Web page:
For Your Life is, as noted earlier, a musically complex song. Stops and starts with time changes throughout, set to a dirge tempo that makes it ponderously heavy. It is a hard song to like: not a bad song, possibly even a great song, but inaccessible on casual listening. A song about drug addiction, couched in Plant’s more usual sexual innuendo, it is a song that reveals itself upon repetitive listening.

For it’s heaviness, Presence has a group of songs that are almost pop. Heavy handed and demanding, yes, but with definite pop sensibilities. Royal Orleans, about bassist John Paul Jones encounter with a transvestite at the Royal Orleans Hotel in New Orleans is the first of these. The other two, Candy Store Rock and Hots on for Nowhere center the second side. Candy Store Rock is a 50’s style straight up rock and roll number. Hots on for Nowhere features one of my favorite lines in a Led Zeppelin song:

(On the) corner of Bleeker and nowhere,
In the land of not quite day…

Every time I go to New York, I can’t help wandering down to Bleeker Street and singing this line to myself.

Those two songs are sandwiched between some standard blues, Nobody’s Fault But Mine and Tea for One. Tea for One is an original Led Zeppelin slow blues in the style of Since I’ve Been Loving You. Written by Plant in a New York hotel while on tour, Tea for One has a literal meaning: the lonely Plant, away from his family.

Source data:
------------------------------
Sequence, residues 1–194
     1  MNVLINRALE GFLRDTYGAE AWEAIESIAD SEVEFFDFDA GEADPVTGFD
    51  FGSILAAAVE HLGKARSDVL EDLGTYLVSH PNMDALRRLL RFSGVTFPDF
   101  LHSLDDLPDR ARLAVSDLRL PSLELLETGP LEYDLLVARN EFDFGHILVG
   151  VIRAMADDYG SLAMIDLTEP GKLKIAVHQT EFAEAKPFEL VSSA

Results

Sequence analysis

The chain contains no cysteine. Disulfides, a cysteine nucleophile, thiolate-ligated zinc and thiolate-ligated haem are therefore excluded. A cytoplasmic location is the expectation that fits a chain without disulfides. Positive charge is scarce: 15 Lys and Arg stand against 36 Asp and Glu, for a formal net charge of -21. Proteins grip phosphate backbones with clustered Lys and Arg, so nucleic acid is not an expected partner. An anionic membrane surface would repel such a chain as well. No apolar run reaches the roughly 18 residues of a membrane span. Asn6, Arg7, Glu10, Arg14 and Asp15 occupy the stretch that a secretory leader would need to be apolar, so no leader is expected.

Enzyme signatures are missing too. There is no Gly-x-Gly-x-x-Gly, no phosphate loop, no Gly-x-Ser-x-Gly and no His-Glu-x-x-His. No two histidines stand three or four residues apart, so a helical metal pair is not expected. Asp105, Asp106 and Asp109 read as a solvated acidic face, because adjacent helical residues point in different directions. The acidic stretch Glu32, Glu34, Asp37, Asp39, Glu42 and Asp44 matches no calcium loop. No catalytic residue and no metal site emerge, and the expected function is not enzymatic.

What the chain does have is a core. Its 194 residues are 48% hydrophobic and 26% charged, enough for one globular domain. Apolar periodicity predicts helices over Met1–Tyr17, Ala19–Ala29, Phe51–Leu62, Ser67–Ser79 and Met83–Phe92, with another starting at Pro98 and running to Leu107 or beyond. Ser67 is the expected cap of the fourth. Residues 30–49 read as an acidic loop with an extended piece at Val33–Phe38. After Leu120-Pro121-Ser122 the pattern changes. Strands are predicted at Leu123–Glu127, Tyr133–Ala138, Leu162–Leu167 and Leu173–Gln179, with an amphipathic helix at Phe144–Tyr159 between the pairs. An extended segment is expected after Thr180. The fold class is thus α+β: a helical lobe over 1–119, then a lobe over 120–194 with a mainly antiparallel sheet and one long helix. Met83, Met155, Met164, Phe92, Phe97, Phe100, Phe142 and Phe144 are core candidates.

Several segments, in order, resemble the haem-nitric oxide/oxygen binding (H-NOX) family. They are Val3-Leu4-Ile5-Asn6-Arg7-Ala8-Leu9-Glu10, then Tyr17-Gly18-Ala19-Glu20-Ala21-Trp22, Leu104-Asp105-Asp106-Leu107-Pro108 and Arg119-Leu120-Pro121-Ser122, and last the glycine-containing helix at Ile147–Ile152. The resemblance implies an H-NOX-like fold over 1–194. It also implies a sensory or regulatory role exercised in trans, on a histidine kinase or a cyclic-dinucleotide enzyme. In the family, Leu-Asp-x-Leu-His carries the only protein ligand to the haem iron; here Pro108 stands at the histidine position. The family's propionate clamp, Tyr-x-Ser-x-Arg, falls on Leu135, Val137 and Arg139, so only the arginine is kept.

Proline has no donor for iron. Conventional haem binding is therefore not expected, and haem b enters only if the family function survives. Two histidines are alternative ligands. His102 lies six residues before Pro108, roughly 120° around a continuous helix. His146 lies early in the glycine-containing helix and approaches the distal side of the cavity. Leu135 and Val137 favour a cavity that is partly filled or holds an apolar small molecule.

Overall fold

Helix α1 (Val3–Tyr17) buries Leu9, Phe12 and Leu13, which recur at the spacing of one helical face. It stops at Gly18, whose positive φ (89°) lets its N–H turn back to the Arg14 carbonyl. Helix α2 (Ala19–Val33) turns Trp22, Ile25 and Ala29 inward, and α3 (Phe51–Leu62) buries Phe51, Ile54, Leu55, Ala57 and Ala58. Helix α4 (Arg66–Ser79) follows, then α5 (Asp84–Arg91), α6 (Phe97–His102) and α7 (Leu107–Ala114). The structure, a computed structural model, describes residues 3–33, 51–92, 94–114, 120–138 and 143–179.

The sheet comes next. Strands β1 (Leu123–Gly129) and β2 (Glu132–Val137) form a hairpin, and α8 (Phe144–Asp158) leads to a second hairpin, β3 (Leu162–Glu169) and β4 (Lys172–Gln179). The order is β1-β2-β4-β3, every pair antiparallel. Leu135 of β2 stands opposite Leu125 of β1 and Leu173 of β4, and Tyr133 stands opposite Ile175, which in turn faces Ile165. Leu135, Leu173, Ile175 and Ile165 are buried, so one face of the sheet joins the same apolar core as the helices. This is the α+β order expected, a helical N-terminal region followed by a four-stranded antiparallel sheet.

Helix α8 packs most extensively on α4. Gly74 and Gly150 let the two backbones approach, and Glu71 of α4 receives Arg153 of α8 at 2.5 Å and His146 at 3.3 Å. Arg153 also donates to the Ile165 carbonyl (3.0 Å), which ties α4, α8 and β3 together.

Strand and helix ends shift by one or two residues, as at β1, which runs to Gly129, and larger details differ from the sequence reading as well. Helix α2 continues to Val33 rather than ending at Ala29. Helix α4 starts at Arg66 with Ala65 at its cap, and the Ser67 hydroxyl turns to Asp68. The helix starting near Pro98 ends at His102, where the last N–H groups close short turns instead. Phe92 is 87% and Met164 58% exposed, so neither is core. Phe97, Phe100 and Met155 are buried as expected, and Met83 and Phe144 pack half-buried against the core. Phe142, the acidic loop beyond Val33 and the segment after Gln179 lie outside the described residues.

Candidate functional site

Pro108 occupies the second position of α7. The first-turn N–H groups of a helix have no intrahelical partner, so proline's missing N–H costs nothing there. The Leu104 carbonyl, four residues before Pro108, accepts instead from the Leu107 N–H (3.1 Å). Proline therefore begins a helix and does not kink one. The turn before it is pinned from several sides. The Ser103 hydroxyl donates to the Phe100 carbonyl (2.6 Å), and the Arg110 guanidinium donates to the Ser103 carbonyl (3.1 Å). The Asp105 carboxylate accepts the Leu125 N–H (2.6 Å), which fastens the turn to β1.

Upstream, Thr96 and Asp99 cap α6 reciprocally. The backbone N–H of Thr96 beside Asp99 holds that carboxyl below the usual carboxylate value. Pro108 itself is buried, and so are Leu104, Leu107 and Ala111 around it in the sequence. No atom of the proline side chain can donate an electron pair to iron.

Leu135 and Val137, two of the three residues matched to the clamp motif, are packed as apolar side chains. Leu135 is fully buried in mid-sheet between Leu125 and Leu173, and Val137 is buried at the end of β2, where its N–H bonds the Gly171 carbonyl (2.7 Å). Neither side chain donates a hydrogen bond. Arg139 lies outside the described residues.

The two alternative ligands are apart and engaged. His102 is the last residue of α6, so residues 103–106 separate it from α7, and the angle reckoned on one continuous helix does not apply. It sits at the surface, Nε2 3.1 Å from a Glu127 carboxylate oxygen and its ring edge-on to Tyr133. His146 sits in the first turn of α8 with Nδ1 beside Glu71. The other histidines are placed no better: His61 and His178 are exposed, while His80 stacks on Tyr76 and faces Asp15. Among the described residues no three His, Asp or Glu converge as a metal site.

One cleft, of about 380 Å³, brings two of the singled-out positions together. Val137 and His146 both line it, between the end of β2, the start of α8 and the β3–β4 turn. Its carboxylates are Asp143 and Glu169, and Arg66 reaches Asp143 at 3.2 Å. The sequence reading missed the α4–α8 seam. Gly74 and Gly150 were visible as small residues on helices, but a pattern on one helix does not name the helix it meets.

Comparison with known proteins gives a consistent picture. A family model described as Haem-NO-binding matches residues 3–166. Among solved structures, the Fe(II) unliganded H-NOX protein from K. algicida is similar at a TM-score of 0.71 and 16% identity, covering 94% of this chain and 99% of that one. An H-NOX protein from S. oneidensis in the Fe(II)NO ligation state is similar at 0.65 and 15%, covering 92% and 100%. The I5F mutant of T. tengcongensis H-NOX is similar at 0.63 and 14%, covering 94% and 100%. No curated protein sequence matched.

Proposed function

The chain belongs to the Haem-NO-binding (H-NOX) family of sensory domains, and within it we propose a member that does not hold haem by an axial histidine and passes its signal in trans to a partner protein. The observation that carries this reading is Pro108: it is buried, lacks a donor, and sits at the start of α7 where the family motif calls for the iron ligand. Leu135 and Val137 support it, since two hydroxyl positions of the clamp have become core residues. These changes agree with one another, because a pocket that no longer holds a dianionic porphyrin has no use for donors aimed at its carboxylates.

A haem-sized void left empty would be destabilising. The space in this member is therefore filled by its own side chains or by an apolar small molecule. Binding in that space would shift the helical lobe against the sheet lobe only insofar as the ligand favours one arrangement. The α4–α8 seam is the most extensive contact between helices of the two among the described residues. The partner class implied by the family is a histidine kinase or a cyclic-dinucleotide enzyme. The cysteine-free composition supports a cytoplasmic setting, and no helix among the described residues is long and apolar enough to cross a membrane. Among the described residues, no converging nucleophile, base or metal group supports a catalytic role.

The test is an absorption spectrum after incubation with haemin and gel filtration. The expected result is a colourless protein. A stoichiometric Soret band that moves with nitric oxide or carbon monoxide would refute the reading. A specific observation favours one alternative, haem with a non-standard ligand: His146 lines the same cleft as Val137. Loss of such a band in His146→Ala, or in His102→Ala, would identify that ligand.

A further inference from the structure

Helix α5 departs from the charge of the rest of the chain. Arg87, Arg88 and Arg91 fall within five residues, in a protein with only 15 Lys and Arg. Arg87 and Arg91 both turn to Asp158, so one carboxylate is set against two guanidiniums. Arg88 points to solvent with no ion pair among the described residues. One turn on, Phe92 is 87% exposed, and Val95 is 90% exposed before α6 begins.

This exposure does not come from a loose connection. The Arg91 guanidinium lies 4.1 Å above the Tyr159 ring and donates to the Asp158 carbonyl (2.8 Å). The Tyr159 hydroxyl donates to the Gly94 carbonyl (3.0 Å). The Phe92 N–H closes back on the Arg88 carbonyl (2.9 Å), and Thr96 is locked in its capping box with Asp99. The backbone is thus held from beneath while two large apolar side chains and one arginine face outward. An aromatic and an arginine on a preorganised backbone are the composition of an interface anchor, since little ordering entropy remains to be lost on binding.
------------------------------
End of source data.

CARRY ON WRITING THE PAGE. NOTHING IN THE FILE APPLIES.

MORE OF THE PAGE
Nobody’s Fault But Mine is an old blues that has been covered by many artists since the 1960s. Other than the title and lyrics, Led Zeppelin’s version is unrecognizable as the original.

Presence, the first Led Zeppelin album without an acoustic guitar son, was a backwards album for Led Zeppelin. When it was released 35 years ago this week, the critics liked it, the fans less so. Every previous Led Zeppelin album had been received opposite to that: loved by the fans, hated by critics.

It has also aged very well, improving on listening through the years. A powerful, dynamic album, it was Led Zeppelin at their best. It has aged well and has become over the years, my personal favourite Led Zeppelin album.

No Rick, it is not crap and yes, if you just understood it you would know that.

The Freedom of Music, The Mighty Zep ,

  1. April 10th, 2011 at 12:42 | #1

    When it first came out I didn’t like it all and to be honest i have not listened to it since then. I guess i am going to have to give it another listen, after all it has to have aged better than most STYX albums.

  2. April 10th, 2011 at 19:37 | #2

    Listen to Achilles three or four times Jim, it’s truly an amazing piece. Even better, find a live version of it, it really came out how great a song it was live. Once you have your head around Achilles Last Stand, the rest of the album comes easier.